• Don’t leave writing guests posts and answering interview questions for the last minute. Take your time. Remember readers want to be entertained and informed. Give them valuable information, add a touch of humor and keep your voice fresh and interesting. Also, don’t wait until the last day to send the material to the host. Send it at least a week in advance.
  • A few days before the tour starts, double check your calendar to make sure all is in order, then post the complete schedule, with the correct hosts’ links, on your website and/or blog. Also, send a reminder to all your hosts. To make this easy, put your hosts’ contact info in a separate email folder and email them together when needed. Make sure you update your tour schedule on a daily basis in case of last minute changes.
  • Once the tour starts, promote it! Announce it to all your friends, colleagues and relatives and in all forums, groups and lists you belong to. You can also send a press release for extra exposure.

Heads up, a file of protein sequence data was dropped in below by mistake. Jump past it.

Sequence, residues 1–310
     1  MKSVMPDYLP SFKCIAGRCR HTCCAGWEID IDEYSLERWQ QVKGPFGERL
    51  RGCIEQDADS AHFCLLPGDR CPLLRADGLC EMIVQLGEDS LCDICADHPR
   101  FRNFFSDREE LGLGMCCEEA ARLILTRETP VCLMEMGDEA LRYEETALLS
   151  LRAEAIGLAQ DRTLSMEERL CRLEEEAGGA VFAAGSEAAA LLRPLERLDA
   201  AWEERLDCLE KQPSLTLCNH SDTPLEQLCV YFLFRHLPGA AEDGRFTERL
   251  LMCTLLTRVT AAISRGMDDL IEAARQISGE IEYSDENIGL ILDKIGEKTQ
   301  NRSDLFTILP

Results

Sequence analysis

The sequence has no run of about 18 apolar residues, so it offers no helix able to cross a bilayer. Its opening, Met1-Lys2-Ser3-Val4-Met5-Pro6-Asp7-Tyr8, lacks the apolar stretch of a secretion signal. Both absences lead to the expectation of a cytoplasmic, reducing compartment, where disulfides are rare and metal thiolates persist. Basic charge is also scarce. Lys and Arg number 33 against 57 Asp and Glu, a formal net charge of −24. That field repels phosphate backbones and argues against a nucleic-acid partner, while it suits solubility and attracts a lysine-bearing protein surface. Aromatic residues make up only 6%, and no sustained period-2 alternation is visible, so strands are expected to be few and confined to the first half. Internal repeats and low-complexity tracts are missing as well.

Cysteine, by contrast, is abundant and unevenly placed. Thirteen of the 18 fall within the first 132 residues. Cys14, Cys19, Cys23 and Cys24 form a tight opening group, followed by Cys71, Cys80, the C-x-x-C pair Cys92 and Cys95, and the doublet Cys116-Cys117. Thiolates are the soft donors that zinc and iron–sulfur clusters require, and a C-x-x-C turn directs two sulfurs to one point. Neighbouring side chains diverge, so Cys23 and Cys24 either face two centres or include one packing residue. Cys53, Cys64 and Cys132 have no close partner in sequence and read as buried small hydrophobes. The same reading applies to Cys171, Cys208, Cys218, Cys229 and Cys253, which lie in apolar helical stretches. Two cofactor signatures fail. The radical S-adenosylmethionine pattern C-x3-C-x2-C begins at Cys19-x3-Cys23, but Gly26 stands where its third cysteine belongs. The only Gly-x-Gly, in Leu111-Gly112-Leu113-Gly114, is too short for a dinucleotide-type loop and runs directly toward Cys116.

• For the duration of the tour, be sure to visit your tour stops to write comments or answer questions via the ‘Leave a Comment’ feature on the blogs. Interacting with readers will make your virtual book tour more interesting and entertaining.

Final tips:

Consider offering a prize at the end of the tour to one lucky winner. This will encourage visitors to comment on your tour stops and follow you all through the tour. The prize could be a gift certificate, a goody basket, or even a free critique. It’s not recommended to offer a copy of the book you’re promoting as gift. If people think they might win it, they won’t buy it.

Once the tour is over, don’t forget to thank your hosts and offer to return their favor in the future. This makes for good internet networking and protocol.

Award-winning author Mayra Calvani writes fiction and nonfiction for children and adults. She’s had over 300 reviews, articles, short stories and interviews published in print and online. Visit her website at